The arrowhead vine makes a pretty trailing or climbing vine that tends to aggressive growth under the right conditions. Sometimes mislabeled as Nephthytis, the arrowhead vine is a tropical climber in the Arum (or aroid) family. Many varieties have variegated leaves to one degree or another, and like many aroids, the plants leaf structure changes as it matures, going from a simple arrow shape to a deeply lobed or divided mature leaf.
Syngonium podophyllum or the Goosefoot Plant is a simple but elegant and versatile houseplant. On our scale of Easy, Intermediate or Difficult, we ranked it Intermediate. The Syngonium is a great looking houseplant which needs only modest careIt’s actually “Easy” to look after in most homes, however because it has a unruly nature and tendency to creep quietly around your home if allowed, it needs a certain amount of maintenance and pruning that other plants ordinarily don’t. This is needed to keep it looking great and to avoid the ugly flop effect, also because all parts of the plant are poisonous you really do want to know where all parts of the plant are growing if you have curious children or hungry pets around.
Height: Newer compact varieties grow to 2 ft (60 cm), some varieties climb to 4 ft (1.2 m) or more.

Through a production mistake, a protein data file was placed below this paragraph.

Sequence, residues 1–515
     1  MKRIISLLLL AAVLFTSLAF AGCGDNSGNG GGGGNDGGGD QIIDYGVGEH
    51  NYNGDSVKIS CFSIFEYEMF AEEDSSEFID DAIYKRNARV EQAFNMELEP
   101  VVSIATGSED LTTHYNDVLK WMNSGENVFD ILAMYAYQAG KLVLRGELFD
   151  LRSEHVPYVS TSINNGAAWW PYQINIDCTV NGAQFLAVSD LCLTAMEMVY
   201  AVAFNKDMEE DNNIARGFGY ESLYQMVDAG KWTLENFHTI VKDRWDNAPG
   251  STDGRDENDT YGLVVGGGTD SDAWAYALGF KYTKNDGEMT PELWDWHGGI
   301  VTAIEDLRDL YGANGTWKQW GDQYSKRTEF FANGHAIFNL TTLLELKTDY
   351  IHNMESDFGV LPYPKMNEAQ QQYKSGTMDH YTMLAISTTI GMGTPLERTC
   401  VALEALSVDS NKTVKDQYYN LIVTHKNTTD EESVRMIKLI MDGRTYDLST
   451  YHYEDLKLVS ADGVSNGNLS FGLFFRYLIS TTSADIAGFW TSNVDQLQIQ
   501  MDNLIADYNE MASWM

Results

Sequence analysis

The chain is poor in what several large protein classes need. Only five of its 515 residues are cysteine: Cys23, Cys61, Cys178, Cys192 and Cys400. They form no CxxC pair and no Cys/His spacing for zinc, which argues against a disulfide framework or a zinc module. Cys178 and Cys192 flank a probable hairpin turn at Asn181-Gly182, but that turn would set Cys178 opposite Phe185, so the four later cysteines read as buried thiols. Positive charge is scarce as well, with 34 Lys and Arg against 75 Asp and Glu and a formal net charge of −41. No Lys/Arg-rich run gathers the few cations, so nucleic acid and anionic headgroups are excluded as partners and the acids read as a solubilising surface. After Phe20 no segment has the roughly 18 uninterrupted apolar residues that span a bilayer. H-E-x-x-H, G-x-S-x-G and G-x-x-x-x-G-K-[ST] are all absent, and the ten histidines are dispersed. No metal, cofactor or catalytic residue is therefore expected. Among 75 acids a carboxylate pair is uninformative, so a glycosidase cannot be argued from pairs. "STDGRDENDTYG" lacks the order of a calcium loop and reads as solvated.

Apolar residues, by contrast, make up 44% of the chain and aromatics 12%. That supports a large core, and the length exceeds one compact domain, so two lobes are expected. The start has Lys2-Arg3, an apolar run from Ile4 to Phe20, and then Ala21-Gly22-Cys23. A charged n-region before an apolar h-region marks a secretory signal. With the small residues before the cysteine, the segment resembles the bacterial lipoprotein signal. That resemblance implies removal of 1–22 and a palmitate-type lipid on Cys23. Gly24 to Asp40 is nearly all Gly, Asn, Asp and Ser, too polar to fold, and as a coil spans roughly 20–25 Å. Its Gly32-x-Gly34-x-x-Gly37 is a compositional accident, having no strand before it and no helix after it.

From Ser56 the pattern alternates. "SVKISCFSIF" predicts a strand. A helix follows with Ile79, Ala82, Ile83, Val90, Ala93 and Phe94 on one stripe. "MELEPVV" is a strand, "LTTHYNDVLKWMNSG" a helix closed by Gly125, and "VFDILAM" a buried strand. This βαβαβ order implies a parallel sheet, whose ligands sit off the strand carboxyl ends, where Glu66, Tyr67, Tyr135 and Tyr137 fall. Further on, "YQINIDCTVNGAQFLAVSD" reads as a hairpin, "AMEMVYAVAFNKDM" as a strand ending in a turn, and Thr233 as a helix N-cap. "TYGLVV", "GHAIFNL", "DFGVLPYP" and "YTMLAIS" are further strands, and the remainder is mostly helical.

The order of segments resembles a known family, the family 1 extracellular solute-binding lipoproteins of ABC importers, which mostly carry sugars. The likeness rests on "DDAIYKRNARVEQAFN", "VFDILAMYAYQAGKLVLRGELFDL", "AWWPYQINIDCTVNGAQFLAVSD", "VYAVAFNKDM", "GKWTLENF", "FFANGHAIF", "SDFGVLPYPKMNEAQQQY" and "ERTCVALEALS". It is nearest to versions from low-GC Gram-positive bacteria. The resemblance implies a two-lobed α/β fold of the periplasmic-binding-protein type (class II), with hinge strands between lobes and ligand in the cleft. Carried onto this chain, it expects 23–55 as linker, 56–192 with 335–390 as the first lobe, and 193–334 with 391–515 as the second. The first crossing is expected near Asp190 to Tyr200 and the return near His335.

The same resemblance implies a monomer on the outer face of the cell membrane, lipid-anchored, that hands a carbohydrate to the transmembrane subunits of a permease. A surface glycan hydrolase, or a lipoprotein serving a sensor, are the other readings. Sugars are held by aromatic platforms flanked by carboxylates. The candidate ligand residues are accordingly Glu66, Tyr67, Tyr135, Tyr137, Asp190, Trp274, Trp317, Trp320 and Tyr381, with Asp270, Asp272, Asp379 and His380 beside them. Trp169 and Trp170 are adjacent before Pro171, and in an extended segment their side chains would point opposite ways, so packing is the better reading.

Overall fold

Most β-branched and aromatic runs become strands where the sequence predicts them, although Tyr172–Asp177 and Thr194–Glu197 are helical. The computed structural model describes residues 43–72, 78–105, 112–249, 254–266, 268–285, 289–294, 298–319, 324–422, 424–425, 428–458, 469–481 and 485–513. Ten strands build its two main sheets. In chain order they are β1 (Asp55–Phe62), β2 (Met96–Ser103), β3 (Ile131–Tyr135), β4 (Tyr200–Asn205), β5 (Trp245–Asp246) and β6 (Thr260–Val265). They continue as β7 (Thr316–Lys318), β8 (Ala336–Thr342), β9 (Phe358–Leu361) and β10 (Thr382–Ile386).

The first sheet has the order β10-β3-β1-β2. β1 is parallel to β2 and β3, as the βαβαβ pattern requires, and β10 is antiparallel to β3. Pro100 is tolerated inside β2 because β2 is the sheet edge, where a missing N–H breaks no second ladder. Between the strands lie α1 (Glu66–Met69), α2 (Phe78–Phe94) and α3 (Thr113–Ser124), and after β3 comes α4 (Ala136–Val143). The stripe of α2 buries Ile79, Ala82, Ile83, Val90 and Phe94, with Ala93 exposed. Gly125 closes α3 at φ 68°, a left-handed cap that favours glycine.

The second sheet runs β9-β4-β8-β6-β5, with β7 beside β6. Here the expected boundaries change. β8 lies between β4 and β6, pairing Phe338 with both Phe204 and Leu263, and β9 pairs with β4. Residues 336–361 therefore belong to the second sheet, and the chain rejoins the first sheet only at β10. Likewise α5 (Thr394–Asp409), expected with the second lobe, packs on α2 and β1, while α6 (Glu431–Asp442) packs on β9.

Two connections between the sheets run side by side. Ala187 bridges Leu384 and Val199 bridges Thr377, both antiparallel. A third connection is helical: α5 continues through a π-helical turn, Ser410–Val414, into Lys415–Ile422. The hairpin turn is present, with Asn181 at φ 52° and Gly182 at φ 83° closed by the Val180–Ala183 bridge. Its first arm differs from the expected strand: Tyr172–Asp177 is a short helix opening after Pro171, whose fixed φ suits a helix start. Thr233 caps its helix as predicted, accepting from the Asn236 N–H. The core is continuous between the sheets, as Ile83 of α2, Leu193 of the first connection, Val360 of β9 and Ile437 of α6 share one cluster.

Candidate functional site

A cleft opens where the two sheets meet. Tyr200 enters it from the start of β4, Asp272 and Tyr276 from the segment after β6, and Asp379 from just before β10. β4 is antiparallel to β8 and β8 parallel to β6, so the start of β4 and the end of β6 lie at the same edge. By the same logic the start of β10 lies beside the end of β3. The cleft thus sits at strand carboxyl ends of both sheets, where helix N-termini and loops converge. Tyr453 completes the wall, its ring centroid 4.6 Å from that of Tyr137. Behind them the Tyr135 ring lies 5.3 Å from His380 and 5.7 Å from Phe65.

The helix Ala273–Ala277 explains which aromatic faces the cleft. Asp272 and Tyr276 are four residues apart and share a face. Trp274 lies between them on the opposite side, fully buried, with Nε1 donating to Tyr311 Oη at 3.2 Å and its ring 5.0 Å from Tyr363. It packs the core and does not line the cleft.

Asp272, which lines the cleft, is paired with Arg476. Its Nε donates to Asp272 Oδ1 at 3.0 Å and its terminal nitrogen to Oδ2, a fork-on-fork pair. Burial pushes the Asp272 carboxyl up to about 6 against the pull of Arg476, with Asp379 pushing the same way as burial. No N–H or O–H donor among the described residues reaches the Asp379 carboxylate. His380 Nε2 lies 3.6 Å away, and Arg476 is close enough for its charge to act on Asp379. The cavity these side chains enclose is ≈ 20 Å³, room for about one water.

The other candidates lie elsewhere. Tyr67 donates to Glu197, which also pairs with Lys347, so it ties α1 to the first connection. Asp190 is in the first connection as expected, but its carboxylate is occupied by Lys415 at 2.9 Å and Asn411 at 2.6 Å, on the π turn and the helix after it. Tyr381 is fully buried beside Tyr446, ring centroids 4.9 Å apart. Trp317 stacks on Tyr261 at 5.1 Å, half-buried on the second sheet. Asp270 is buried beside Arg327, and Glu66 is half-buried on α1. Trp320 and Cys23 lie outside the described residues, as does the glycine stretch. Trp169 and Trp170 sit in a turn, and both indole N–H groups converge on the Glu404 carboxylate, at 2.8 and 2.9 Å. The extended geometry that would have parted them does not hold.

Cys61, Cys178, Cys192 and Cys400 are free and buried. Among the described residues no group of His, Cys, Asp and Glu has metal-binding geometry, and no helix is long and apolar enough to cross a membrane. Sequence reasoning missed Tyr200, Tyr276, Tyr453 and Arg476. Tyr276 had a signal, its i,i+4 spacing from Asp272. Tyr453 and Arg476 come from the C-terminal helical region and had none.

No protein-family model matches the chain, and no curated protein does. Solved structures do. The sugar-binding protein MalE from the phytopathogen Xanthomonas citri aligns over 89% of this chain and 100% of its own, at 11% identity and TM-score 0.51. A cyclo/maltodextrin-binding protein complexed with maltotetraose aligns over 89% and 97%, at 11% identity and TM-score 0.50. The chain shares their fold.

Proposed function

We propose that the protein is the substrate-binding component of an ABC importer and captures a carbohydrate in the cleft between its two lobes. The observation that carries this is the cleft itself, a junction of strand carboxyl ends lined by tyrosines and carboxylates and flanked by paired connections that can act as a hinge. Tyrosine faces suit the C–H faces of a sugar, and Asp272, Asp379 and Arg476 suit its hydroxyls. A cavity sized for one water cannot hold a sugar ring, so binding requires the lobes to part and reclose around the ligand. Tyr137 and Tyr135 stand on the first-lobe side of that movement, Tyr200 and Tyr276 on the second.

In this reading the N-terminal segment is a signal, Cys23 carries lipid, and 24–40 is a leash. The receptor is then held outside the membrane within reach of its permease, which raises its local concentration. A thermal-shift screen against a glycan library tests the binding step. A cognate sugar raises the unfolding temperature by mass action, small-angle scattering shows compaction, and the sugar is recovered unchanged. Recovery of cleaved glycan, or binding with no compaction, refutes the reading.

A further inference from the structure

Light: Bright light, but no direct sun. Can tolerate low light, but the leaves may lose their variegation. Turn pot regularly for even growth.
Water: Keep the potting mix moist in summer, allowing the surface to dry out before watering again. Water less often in winter, letting the top half of the potting mix dry out.
Humidity: Average room humidity.
Temperature: Normal room temperatures. 60-75°F/16-24°C
Soil: Any good potting mix. Use a container with good drainage.
Fertilizer: Feed every 2 weeks from spring through fall with a balanced house plant fertilizer diluted to half the normal strength. In winter, feed monthly.
Propagation: Take 3-4 in (7.5-10 cm) stem tip cuttings early in summer. For best results, dip the cut end in rooting hormone powder then stand the cutting in a pot of perlite or a half-half mix of vermiculite and peat moss. Keep the cuttings out of sunlight and maintain the humidity around them by covering the pot with a plastic bag. Cuttings should root in about a month.